Travel Demand
HW#3
Mohammad Almothffar
10/13/2016
Q1
An urban area consisting of four zones has the baseyear trip matrix
shown. The growth rates for the origin and destination trips have been
projected for a 25year period. Using Fratars (similar to doub
CEE 553 Travel Demand
Modeling
Topic 3 Trip Distribution
Modeling
TripDistribution Inputs and Outputs
Trip Distribution
Trip distribution is a process by which the trips
generated in one zone are allocated to other
zones in a study area.
This step esti
CEE 553
Travel Demand Modeling
Introduction and Overview
Why Are We Here Today?
What is the Goal for TDM?
Introduction/Overview: Travel Demand
Modeling
Why do we model travel demand?
How do we model travel demand?
Who uses model output?
Get the Big Pictur
I
N T E R D I S C I P L I N A R Y
L
I V E L Y
A
P P L I C A T I O N S
P
R O J E C T
Travel Demand
Forecasting
Interdisciplinary Lively Application Project
Title: Travel Demand Forecasting and Analysis for
South Texas
Authors:
Lei Yu and Della D. Bell
Depa
Trip Generation and
Attraction
Murillo, Kyle Emmanuel R.
Dela Cruz, Princess J.
Golechong, Genevieve Gillian R.
Lim, Farrah Mae Aileen M.
Santander, Zairel Allen A.
Travel Demand
Forecasting
Importance of Travel
Why do we live where you do?
Travel is bene
SAS OUTPUT
* Building Poisson Regression and Negative Binomial Model
https:/onlinecourses.science.psu.edu/stat504/node/223;
proc import datafile="C:\Users\Tams\Desktop\cat.csv" out=crash;
run;
Data E;
set crash;
run;
proc print data=E (obs=10);
run;
*List
Topic 2
Trip Generation Modeling
Introduction
Predicting the total number of trips generated (Oi)
and attracted (Dj) to/from each zone in the study
area from data on household socioeconomic
attributes.
Question: how many trips originate at each zone?
A
CEE 553 Travel Demand
Modeling
Topic 4 Mode Choice
Modeling
Introduction
Which mode (transit, walk, carpool, drive
alone, ) will be used?
Mode choice models attempt to replicate the
relevant characteristics of the traveler, the
transportation system, an
CEE 553 HW #2 Question #4 Solutions
Fall 2016
Develop the family of crossclassification curves
Determine the number of trips produced (by purpose) for a traffic zone containing 500 houses with an average
household income of $35,000. (Use high = 55,000; m
CEE 553 Travel Demand Modeling
Question #1
Vehicles per
household
0
1
2+
Area type
1. Urban: high density
2. Suburban medium
density
3. Rural: low density
HW #2
Fall 2016
Persons per household
1
2,3
4
100
200
150
300
500
210
150
100
60
Vehicles
available
Ua=
Ub=

0.30
0.30
Family Income (100$/week)
Between 1 and 2
Between 2 and 3
Between 3 and 4
Ca
Cb
+
3.23
I
Number of
Households
450
250
100
Ca ($)
Cb ($)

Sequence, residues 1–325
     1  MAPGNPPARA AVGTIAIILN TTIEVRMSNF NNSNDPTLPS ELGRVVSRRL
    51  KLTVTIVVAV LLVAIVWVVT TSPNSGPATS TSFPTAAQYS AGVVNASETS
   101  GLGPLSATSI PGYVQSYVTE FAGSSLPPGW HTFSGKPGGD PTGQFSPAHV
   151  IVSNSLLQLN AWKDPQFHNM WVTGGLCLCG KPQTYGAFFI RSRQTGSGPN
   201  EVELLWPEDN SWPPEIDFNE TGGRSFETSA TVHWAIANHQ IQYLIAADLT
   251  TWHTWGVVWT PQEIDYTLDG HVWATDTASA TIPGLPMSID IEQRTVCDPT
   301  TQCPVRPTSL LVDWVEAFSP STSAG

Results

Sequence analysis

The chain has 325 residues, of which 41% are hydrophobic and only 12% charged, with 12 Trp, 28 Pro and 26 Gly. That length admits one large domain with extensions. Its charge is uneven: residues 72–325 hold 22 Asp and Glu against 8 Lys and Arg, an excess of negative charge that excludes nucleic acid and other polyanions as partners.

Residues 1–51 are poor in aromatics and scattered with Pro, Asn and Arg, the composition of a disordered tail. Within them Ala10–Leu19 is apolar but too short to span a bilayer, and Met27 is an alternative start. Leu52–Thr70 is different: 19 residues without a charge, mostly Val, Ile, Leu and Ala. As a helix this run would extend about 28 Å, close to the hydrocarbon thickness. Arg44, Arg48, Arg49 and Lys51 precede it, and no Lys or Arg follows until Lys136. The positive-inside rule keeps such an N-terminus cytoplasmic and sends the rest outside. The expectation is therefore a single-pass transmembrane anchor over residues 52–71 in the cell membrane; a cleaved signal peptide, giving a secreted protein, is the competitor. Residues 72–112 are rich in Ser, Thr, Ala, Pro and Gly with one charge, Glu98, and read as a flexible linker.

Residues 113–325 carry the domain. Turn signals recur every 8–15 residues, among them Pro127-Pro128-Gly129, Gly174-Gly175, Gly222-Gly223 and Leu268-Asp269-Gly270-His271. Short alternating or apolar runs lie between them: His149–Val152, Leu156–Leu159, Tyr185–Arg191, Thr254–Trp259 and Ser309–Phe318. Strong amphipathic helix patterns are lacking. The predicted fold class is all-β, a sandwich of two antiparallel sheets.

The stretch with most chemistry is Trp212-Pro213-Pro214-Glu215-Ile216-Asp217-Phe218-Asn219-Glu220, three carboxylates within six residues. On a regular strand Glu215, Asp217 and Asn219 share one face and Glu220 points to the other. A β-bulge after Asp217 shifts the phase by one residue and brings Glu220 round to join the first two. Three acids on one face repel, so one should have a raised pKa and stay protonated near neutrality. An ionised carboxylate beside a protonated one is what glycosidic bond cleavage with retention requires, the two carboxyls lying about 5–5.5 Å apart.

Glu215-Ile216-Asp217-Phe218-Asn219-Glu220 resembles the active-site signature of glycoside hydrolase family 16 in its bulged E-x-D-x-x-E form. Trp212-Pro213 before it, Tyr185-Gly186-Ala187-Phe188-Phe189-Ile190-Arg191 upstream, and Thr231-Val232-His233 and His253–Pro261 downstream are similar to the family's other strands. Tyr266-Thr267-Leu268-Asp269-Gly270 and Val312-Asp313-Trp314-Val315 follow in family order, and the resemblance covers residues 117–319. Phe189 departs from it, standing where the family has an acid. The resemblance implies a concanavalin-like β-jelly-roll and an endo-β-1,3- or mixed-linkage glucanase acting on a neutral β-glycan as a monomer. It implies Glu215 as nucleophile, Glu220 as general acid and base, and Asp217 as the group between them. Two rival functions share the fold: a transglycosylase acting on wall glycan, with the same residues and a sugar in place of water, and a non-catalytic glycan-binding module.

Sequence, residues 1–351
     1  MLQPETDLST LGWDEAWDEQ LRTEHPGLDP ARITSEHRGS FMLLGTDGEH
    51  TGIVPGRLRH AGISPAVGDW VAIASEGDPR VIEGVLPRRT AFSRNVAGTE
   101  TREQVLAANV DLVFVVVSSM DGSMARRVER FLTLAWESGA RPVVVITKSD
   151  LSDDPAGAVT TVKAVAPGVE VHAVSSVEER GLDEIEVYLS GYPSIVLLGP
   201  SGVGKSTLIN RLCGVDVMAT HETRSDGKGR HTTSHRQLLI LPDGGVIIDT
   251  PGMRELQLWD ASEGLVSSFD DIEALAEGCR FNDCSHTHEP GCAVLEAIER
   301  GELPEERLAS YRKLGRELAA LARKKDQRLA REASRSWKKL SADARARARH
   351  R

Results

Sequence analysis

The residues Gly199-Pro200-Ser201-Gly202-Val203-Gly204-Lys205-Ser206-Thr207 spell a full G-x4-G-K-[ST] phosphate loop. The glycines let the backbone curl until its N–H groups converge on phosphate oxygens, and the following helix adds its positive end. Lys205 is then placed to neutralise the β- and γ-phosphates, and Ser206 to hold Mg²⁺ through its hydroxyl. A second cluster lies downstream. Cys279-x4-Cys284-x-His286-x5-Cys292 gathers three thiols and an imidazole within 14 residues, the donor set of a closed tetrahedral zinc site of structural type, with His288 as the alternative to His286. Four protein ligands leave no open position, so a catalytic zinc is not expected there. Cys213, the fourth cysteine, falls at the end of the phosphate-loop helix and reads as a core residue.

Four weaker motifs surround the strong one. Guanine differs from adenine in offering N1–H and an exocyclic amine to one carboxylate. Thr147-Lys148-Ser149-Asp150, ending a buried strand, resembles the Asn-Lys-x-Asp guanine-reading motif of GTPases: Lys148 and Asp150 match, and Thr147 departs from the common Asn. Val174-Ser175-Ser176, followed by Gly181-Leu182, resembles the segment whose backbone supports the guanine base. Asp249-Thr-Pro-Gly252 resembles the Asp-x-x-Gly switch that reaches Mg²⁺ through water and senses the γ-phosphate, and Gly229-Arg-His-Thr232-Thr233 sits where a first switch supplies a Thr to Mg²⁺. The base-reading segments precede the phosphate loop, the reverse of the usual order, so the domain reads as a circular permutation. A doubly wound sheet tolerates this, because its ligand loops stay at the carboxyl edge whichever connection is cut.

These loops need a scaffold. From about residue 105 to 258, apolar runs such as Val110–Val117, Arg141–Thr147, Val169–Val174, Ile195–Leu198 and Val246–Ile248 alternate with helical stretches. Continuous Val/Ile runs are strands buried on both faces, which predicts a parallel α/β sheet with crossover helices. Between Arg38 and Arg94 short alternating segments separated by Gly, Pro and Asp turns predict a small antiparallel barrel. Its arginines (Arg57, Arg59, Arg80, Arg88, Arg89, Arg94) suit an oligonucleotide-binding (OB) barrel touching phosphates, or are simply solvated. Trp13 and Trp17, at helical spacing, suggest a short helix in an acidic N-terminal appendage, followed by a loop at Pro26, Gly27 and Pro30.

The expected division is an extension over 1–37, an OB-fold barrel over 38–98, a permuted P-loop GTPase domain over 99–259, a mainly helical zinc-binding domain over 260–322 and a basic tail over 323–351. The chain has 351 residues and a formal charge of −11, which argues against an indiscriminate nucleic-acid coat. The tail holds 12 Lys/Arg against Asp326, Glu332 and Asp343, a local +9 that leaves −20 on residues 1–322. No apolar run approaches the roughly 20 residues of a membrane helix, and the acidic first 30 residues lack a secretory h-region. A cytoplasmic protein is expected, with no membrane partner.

mean I
Ua
Ub
150
175
160
120
145
130
0.15
0.25
0.35
44.5
51.7
46.9
36.0
43.5
39.0
Number of h
Trip Distribution
Example/Slide 40 :
Trips Produced
Trips Attracted
A three zone city has the following trips produced in and
attracted to the three zones as follows. Determine the
number of zoneto zone trips in two iterations (Assume
Kij =1 for all zone
BASICS OF ITE TRIP GENERATION
AND ITS ROLE IN CALCULATING
TRANSPORTATION IMPACT FEES
Eric J. Tripi, P.E., PTOE
Iteris, Inc.
505 Belle Hall Parkway,
y, Suite 202
Mount Pleasant, SC 29464
2011 Growth and Infrastructure Consortium Conference
October 27th, 20
CHAPTER 8. TRIP DISTRIBUTION
NPTEL May 3, 2007
Chapter 8
Trip distribution
8.1
Overview
The decision to travel for a given purpose is called trip generation. These generated trips from each zone is
then distributed to all other zones based on the choice o
a)
Year
Pn=Population in the forecast year
n= 2000
Pb=Population in the base year b
P80=
250
2
P70=
240
5
t = population growth rate
P80
250
t=
=
P70
240
250
=
b= 1980
1.042
d=number of decades to extrapolate growth
(nb)
(20001980)
d=
=
10
10
=
2
Pn=Pbt
Column 1
Column 1
1
SUMMARY OUTPUT
Regression Statistics
Multiple R 0.761079
R Square 0.579241
Adjusted R 0.526646
Standard E 0.722353
Observatio
10
X Va
6
5
ANOVA
df
Regression
Residual
Total
SS
MS
F
Significance F
1 5.746646 5.746646 11.01324 0.01056174
a) travel and access time are generic
cost divided by income and the number of cars in the household are specific
7 and 8 are alternative specific constants (modal penalties) for options 1 and 2. The third alternative is left as a
models work with the dif
Instructions
1.
In the worksheets below we solve the exercises corresponding to Chapter 10 of Modelling Transpor
2.
On each exercise follow the instructions given by the numbers
3.
The following cell styles define the status of the data in the workshee
Unfortunately the book had mistakes in both these examples. In the first exercise (15.1), the proportions pres
In exercise 15.2, the mistake is actually of a worse kind as with the data provided in the table for the values of
correctly for the new values,
Household type
No.
Income ($/month)
Inhabitants
0 cars
1 car
2 or more cars
Total
180
80
40
300
4000
18000
50000
4
4
6
Household type
% Households in
current year
Total Trips/day
current year
Growth Factor:
Income
0 cars
1 car
2 or more cars
Total
60%
27%
Instructions
1.
In the worksheets below you can find the exercises corresponding to Chapter 12 of Modelling Transp
2.
On each exercise follow the instructions given by the numbers 1
3.
The following cell styles define the status of the data in the work
= 0.5
= 0.0002
Pa Prob(U a U b )
Pa Prob( ta I tb )
Pa Prob( I
(tb ta )
/= 2500
Pa Prob( I 2500(tb ta )
(tbta)
10
9
8
7
6
5
4
3
2
I
25000
22500
20000
17500
15000
12500
10000
7500
5000
Pa
0.00
0.13
0.25
0.38
0.50
0.63
0.75
0.88
1.00
11
10
9
Instructions
1.
In the worksheets below we solve the exercises corresponding to Chapter 11 of Modelling Transport
2.
On each exercise follow the instructions given by the numbers
3.
The following cell styles define the status of the data in the workshe